In my opinion, the median cost of a home divided by the median household income is a BIG measure, because it incorporates so many other measuers including unemployment.   It speaks directly to the point of affordability.  A common statistical statement is that over time, everything eventually regresses to the mean.  In other words, if the market is too high, it will adjust down, and vice-versa. Since the national average is 3.2, anything below it will adjust up, and anything above it will adjust down, over time.  

I would also encourage you to look at historical trends - what has happened to the homeprice/household income ratio over time. So if you like Omaha, and you are not living in Omaha, check that out.  If you see the ratio rising, find out why.  If you see it falling, find out why.  For me, the ratio for Omaha tells me its pretty attractive.  Fargo would concern me.  I would look very closely at the trends for Fargo or simply look elsewhere.  (BTW, my wife is from Omaha - I love the city.  She is a Mercy High school girl for those of you who might care!)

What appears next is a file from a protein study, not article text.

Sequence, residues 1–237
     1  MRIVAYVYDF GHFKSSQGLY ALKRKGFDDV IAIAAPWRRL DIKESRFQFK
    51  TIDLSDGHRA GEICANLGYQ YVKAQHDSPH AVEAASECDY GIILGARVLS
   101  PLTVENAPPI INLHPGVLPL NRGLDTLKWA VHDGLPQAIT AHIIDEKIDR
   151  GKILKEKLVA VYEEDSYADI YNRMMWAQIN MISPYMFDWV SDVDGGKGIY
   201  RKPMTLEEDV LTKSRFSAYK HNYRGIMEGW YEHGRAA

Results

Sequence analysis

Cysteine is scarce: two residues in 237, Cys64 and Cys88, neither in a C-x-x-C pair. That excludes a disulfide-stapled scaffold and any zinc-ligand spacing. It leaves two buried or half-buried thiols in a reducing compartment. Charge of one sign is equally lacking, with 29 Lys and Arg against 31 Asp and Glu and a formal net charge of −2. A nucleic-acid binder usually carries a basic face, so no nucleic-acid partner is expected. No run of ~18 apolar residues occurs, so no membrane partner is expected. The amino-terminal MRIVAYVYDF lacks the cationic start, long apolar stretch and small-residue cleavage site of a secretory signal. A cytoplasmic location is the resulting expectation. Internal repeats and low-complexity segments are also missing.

Getting back to one reason the national ratio is at 3.20 - mortgage rates.  The mortgage rates have been at historically low levels for such a long period of time, that people can afford more expensive homes for the same level of income.  This drives up home prices, skewing the ratio.  So what happens when the morgage rates drop?  Fewer people can afford those home proces.  So the home prices will start dropping.  And the ratio will drop, regessing to the mean. We have a morgage bubble, causing the boom.  But busts will follow.  For the steady, long term, play, stay in markets below the national average, and ideally below 3.0.